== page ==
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social foundations of ed- final

social foundations of ed- final - Susan Martinez December 7...

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Susan Martinez December 7, 2011 Social Foundations of Education Final History, Identity, Action & the Individual What does it mean to be well-educated? The answer to this question is quite arbitrary; it strays from anything that can be culturally, socially, or politically defined. It is as personal as one’s identity and as blurry as the socially and culturally constructed boundaries that separate us. To answer this multifaceted question, do we define education or do we define ourselves? Are we measuring our content knowledge and skillset or the success of our school system? “Does the phrase well-educated refer to a quality of the schooling you received, or to something about you? Does it denote what you were taught, or what you learned [and remember]?” (Kohn 2). To be well-educated is to be as multifarious as the question itself. It is to be able to answer a question or discuss a topic from many different perspectives. It is a knowledge base that interacts and reflects one’s history, shapes one’s identity, and impacts one’s future, which inevitably leads to breaking the standards of societal norms and breaching oppression. To start one’s journey on becoming well-educated, it must start with the past. One’s history has a huge influence on the present and the future, and especially in shaping one’s identity. Education in this sense becomes a form of inheritance through history. In order to understand the present-day, one must look back to what made it come to be. “Education is thus conceived as the process of aiding the soul in its process of remembering and recognizing knowledge. …collective memories; Today the dominant conception of remembrance in education is not about immutable truths but about history as both product and object of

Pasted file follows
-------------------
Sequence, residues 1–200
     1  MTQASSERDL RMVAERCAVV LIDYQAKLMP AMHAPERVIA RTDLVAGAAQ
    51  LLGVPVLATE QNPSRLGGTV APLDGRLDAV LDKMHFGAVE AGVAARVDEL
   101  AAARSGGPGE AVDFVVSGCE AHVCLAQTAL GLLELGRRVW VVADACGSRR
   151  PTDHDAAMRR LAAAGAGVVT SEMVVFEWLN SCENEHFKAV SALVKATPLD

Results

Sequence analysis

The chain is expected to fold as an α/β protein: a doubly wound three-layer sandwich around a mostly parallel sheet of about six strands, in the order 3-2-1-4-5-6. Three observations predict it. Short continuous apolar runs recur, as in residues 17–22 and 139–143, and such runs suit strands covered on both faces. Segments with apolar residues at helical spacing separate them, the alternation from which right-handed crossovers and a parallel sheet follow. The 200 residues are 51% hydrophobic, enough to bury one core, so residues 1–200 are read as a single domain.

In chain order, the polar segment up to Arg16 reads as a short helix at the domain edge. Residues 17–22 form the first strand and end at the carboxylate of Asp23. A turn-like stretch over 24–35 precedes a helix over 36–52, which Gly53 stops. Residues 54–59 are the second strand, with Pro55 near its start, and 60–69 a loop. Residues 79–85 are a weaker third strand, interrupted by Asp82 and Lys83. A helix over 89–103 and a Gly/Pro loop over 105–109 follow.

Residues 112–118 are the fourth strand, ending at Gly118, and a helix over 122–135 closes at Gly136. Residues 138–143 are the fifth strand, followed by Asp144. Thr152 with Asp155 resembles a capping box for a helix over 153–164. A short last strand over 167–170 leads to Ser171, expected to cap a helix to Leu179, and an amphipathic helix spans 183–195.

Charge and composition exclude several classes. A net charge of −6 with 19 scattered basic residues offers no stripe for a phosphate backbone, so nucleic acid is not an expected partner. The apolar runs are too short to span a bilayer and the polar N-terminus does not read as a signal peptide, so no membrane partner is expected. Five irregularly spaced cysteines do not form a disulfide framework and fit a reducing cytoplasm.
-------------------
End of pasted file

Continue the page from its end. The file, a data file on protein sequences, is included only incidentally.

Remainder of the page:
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interpretation” (Ruitenberg 296). Ruitenberg’s idea of education falls closely to the ideology I am trying to put forth; forming an intact identity stems from becoming well educated by inquiring of one’s past. Furthermore, in acquiring this inheritance of history, one must commit “an ethical act based on a recognition of indebtedness to whom and what came before, and responsibility for whom and what will come after” (Ruitenberg 296). Hence, in order to be knowledgeable of one’s present, one must be knowledgeable of one’s past and by doing so one can control, influence, and impact one’s future. For example, growing up within the Latin American culture, I had a strong sense of identity dealing with values and traditions, but my
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